Scare quotes are a figurative use of quotation marks to imply the object(s) being enclosed (be it a theory, phrase, or word) are not proscribed by the quoting author(s) [n1]. In this case, they are used around taxonomic names that the authors (Longrich, 2010  & Scannella and Horner, 2010 ) regard as unusable. There’s a further trend, in that some authors place these quotes to imply the taxa used are nomina dubia, or otherwise unavailable taxonomically, i.e., nomina nuda or some other type of informality. In which case, the usage is confusing.
Use of the Scare Quotes
1. Longrich (2010) uses quotes whenever referring to Chasmosaurus kaiseni  or Eoceratops canadensis , and stresses use of one of these taxa and “not valid.” This implies the same use for the second, from page 681, and that the “not valid” phrase would be to deem the taxa nomina dubia.
2. Scannella and Horner (2010) on the other hand also use quotes when using Torosaurus, Nedoceratops and Triceratops hatcheri. The only time these quotes aren’t being used is in the “synonyms” subsection of the Systematic Paleontology section.
Between these two papers, the use tends to denote a “doubtful name,” and seemingly more explicitly an “invalid” on in the first paper. The meaning behind these phrases is lost when the authors refer them to other taxa. The rules for nomina dubia are, generally, provided by proxy of traditional methods, once but no longer encoded by the ICZN, which I discussed here. Practical use of the “rules” of nomina dubia, as employed by various workers, implies that they cannot (or rather, should not) compete for taxonomy.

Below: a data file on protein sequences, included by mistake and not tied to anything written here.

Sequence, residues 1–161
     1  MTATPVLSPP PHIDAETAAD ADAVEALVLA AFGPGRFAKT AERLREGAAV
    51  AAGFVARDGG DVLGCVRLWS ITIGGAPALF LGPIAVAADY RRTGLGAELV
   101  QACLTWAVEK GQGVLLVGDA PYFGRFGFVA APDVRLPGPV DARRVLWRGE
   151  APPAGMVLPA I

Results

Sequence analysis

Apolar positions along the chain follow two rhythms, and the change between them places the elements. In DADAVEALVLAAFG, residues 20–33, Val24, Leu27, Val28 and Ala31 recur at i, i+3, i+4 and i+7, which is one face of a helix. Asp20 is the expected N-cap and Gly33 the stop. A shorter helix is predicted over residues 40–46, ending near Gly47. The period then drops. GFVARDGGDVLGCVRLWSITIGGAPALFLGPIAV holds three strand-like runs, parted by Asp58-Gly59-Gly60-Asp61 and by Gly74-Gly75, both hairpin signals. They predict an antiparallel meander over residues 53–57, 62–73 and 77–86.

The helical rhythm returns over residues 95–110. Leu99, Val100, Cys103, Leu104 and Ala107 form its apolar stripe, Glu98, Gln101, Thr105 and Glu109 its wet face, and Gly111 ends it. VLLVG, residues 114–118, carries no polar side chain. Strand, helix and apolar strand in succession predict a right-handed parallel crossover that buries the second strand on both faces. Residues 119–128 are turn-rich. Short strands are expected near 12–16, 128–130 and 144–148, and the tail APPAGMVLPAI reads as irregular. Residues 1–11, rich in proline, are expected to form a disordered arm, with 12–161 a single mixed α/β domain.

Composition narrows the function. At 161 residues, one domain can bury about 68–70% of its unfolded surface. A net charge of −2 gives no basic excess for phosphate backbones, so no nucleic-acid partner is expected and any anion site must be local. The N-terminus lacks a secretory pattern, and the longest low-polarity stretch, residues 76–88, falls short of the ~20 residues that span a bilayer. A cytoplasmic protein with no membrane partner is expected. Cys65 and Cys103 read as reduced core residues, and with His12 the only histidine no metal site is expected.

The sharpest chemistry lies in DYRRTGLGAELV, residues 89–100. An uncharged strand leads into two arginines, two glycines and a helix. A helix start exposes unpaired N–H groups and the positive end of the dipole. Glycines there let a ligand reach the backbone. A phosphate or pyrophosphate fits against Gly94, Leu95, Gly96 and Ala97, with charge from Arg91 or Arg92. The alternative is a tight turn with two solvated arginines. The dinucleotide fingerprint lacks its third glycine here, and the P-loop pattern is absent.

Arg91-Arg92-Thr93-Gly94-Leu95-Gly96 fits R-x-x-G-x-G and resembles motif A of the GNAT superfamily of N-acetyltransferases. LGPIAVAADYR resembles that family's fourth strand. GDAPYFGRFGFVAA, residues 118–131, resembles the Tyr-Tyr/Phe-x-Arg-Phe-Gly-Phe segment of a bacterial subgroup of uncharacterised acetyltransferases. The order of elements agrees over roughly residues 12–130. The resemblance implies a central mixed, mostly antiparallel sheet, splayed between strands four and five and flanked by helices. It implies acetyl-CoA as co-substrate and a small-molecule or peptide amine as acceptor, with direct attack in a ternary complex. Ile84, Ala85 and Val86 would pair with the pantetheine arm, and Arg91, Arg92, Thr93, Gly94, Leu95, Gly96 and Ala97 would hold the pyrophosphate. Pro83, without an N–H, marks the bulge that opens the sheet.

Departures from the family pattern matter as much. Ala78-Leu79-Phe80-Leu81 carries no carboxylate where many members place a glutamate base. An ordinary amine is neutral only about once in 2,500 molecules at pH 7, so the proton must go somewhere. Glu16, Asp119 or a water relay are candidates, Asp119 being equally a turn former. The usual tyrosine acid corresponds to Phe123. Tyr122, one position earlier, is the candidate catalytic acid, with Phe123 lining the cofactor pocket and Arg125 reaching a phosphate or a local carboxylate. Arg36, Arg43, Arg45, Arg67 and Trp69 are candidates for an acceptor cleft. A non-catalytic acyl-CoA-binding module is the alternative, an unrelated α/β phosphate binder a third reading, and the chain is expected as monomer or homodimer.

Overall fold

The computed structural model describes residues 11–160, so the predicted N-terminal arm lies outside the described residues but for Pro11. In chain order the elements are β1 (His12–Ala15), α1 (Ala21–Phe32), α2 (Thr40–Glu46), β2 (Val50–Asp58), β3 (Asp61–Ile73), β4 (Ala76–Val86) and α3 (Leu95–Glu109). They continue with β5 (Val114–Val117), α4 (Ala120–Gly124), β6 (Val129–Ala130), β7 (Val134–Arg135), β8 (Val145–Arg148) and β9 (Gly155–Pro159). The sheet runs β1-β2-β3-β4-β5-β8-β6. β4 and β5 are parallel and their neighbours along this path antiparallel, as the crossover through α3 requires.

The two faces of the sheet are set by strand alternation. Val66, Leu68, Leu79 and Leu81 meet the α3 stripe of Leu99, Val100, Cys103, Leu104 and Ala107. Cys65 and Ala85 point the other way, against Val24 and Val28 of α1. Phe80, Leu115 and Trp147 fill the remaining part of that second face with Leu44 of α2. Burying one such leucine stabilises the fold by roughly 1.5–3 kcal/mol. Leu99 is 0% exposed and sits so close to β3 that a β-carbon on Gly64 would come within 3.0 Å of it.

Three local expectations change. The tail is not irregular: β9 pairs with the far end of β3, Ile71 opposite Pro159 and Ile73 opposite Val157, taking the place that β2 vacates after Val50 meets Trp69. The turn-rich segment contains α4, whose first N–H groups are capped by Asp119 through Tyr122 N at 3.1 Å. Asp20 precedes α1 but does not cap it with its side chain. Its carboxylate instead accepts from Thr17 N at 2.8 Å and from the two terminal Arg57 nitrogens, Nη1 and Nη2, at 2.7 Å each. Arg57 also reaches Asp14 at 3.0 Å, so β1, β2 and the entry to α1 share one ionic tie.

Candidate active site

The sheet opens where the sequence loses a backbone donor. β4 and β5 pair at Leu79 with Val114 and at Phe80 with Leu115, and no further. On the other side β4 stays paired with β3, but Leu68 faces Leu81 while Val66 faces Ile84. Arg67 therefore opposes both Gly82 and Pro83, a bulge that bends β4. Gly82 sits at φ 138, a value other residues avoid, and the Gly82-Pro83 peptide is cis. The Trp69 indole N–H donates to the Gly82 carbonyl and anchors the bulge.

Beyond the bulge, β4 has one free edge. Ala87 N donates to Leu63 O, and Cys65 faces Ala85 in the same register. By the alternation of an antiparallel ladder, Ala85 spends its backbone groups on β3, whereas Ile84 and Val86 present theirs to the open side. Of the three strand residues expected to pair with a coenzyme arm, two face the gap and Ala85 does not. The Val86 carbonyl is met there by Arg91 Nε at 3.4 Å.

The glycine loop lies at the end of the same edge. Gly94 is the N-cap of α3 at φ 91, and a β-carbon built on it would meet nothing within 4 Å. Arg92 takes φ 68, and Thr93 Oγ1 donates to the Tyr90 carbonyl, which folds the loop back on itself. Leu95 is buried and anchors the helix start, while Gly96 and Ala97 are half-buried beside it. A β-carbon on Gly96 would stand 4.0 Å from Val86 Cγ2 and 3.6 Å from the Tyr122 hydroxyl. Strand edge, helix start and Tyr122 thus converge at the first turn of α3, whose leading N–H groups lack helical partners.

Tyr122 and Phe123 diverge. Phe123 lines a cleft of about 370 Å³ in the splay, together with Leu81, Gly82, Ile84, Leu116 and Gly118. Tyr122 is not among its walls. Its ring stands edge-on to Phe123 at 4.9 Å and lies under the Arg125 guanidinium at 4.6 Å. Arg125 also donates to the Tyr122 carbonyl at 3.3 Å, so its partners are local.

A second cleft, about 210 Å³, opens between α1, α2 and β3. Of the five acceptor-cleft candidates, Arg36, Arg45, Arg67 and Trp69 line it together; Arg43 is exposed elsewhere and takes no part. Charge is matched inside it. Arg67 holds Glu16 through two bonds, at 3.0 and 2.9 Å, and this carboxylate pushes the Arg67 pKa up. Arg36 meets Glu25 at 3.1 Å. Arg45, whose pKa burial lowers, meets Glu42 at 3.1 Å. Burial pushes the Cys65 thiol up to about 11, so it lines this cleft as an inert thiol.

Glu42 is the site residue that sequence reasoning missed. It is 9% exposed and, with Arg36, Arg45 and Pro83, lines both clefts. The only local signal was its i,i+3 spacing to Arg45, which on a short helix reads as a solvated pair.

Use of the Nomina Dubia or Quoted Taxa
Further, the typical practice for rendering a nomen dubium as such is that the material the taxon is based on is undiagnostic or too incomplete to reliably refer to a known species, or lacks apomorphies to either relate or separate it from one species or another. These features are used in diagnoses to “discriminate” taxa, and without them, one cannot typically find out what said taxon is.
1a. When Longrich takes the potentially synonymous Chasmosaurus kaiseni, calls into question its diagnostic utility by pointing out how little of the parietal there is, and then “provisionally” synonymizes it, he creates a taxonomic quandary. This is because for Chasmosaurus kaiseni to be synonymous with Mojoceratops perifania, it must possess the same diagnostic features in the latter; and according to Longrich, it doesn’t . If Chasmosaurus kaiseni were synonymous with more diagnostic material (i.e., had potentially one or two of the three autapomorphies Longrich uses to diagnose Mojoceratops perifania), it would be possible to refer it to the same taxon, but based solely on the work of Longrich, this is not possible; and if it were, the taxon name would need to be changed to Mojoceratops kaiseni with perifania as a synonym.
1b. When Longrich looks at Eoceratops canadensis, the taxon is rendered potentially synonymous, but as a juvenile is certainly undiagnostic of adult morphology (see also ) which all other taxa must be compared to. Eoceratops canadensis  is a nomen dubium, and like Chasmosaurus kaiseni would not be available for synonymy, and as such cannot even be referred to another taxon; however, while Longrich could suggest they are the same taxon, there would be very little way to prove this. Looking at the Brachyceratops, Eoceratops and known Triceratops juveniles, they are all mostly indistinguishable, and preserve the same shapes of premaxillary, circumorbital, and squamosal regions. So while it is plausible to claim Eoceratops canadensis as a synonym, if one were, it would be as a senior subjective synonym: Mojoceratops is a synonym of Eoceratops, and perifania is a synonym of canadensis. But this is not necessarily the case: it simply cannot be referred without having the same diagnostic features, and they do not exist .